Both Anne Hathaway and Jim Sturgess bring their fictional characters to life. Observe minute details like the slight movement of hands or lips or eyes that communicate deeper things going on inside them. Notice a pause when Dexter says, “No, no. Emma’s just a…good friend.” Or see his expression when, after asking for her phone number, she also starts giving her father’s phone and fax number. Notice Emma’s face when Dexter offers friendship after a near-miss encounter on graduation day. Look at her eyes when Dexter shows him the wedding card, on the roof. She wants them to be a couple but is not desperate enough to stop him from going after things he thinks are best for him. She is not lonely; she is alone. Well, not for long. Emma starts seeing Ian (Rafe Spall), a comedian who attempts doing wry, little observations (Seinfeld, anyone?). Both Emma and Dexter settle for incompatible partners. In his case, it is Sylvie (RomolaGarai). It’s not out of boredom but because they are tired.

Director Lone Scherfig made One Day after the success of her 2009 coming-of-age drama An Education, which was nominated for three Academy Awards, including Best Picture. According to IMDb, the screenplay of One Day was featured in the 2010 Blacklist (a list containing most liked and unmade scripts of the year.) Scherfig infuses the story with style and freshness. The text containing date and year is placed neatly in the frame – moving on top of a car, dancing on a laptop screen, and so on. Some transitions – from a kick in a studio to a disco, a pan from the terrace to a restaurant – are smooth and well-edited. The pace never slows down or turns bland. Something exciting keeps happening to keep the viewer engaged.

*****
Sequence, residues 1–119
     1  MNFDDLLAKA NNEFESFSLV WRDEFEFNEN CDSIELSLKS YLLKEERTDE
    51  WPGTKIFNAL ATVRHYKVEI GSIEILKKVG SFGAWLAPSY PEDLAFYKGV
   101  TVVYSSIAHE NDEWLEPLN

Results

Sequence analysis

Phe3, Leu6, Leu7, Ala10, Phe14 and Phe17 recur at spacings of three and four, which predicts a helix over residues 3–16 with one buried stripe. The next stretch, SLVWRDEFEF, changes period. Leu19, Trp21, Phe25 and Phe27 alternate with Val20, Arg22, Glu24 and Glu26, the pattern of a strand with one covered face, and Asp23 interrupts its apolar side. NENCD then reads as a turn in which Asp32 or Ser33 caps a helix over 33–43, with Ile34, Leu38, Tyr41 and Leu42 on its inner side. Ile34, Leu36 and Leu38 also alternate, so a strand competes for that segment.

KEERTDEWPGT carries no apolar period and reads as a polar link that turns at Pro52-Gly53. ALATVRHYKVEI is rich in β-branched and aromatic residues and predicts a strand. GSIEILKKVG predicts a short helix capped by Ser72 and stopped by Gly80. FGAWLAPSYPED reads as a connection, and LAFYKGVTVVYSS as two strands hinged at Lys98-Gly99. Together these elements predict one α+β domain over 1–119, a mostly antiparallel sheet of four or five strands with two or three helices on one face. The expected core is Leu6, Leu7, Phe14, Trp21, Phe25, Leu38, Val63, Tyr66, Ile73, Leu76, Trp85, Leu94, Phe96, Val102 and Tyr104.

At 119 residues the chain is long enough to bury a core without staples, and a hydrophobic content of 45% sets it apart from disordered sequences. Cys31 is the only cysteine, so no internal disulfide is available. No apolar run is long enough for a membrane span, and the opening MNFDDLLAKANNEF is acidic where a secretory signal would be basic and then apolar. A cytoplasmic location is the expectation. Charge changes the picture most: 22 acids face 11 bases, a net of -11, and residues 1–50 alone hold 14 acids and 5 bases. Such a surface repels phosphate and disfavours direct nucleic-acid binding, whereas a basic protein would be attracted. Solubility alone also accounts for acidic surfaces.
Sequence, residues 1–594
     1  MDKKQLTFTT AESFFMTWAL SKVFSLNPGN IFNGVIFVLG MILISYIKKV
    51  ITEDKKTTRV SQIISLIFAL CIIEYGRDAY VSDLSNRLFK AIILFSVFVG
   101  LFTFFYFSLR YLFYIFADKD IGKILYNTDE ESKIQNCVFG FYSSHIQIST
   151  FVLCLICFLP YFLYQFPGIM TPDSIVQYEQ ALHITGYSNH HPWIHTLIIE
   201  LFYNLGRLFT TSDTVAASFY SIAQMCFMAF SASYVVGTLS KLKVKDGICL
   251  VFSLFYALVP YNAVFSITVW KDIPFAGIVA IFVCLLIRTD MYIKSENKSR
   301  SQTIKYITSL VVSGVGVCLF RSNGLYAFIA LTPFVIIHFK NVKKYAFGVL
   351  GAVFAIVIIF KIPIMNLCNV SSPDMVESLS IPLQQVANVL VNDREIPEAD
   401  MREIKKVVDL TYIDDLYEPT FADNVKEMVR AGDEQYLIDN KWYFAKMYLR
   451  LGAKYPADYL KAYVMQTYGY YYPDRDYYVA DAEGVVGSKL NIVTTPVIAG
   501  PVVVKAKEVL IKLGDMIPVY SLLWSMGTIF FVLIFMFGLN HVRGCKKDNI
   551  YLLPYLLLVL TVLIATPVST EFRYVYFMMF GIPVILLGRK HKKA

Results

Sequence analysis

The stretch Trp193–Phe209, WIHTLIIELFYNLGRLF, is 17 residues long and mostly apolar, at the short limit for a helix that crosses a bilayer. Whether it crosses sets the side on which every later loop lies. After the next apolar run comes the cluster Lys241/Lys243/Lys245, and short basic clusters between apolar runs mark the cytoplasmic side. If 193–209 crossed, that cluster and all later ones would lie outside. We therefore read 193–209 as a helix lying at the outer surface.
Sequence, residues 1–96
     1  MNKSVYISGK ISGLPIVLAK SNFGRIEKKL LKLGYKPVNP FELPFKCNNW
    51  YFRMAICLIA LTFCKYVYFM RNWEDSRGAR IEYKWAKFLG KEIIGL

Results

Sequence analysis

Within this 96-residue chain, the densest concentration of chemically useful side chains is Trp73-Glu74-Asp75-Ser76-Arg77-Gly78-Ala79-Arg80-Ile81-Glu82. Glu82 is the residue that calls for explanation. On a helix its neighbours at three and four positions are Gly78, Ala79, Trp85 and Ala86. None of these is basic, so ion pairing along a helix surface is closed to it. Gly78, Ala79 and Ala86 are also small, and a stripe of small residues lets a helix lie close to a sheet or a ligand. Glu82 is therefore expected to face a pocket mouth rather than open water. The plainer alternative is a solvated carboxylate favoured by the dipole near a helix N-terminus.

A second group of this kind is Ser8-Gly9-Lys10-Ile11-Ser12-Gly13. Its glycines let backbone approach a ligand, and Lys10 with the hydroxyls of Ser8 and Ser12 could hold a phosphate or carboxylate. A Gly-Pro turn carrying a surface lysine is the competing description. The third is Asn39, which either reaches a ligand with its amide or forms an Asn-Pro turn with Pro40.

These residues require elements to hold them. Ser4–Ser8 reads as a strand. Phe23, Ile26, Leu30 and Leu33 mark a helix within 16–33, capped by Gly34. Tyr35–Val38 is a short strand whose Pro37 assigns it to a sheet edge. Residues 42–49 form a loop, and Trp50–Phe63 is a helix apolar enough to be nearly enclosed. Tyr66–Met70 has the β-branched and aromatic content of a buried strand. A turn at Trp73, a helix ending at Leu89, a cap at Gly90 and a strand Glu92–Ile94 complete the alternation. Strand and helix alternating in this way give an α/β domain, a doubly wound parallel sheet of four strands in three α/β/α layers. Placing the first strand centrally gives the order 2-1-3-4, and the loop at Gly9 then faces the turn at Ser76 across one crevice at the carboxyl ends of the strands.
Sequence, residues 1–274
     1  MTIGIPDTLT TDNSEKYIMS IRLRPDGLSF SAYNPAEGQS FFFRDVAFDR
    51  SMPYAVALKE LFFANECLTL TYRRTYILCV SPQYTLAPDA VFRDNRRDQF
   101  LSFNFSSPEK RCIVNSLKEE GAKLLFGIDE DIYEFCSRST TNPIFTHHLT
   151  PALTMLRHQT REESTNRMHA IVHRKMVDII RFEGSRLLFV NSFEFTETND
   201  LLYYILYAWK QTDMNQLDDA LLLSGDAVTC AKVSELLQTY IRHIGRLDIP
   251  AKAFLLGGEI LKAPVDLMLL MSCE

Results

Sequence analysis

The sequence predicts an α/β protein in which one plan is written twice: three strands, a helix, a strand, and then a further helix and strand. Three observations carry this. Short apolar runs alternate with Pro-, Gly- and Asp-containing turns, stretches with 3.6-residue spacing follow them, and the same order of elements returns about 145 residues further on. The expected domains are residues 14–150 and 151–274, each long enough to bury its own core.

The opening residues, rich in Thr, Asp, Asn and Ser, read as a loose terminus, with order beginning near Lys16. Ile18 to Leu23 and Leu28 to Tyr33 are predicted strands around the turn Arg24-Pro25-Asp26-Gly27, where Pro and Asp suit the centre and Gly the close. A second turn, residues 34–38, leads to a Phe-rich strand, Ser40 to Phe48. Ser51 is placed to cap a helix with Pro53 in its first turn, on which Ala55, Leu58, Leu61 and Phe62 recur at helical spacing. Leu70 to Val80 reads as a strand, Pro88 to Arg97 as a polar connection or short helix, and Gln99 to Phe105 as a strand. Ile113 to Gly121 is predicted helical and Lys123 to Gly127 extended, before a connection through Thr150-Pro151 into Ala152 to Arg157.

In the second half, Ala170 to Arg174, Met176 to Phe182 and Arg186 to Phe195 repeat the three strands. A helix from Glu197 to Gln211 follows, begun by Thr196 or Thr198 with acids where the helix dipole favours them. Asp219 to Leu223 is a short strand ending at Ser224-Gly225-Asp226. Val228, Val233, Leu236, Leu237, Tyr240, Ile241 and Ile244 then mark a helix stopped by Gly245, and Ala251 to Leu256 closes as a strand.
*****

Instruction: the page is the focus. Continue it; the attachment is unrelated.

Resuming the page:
One Day is one of those films that remind how precious time actually is. Emma and Dexter finally unite but…You wish they had not been in denial for so long. But then, the separation taught them more about themselves than they ever could have learned otherwise. Over the years, I have spotted small details that fascinate me every time I revisit the film like the street lights being switched off and on at the beginning (early hours of the morning) and ending (as darkness ushers in the night) of the film respectively; leaving with the effect of one day. Emma rides a cycle, and we see one standing in the background as she kisses Dexter in the end. The mood feels melancholic because of whatever came before. This moment is scored to Rachel Portman’s bittersweet “We Had Today,” a track that captures love in a symphony.

Interestingly, One Day is the film that introduced me to the world of Roger Ebert. After my initial viewing, way back in 2014, when I searched for the reviews online, Ebert’s positive rating caught my attention. One of his lines has always been stuck on my mind: “In a season of movies dumb and dumber, One Day has style, freshness, and witty bantering dialogue.” And the movie too has given me a line filled with optimism: “Whatever happens tomorrow, we’ve had today.” I couldn’t agree more.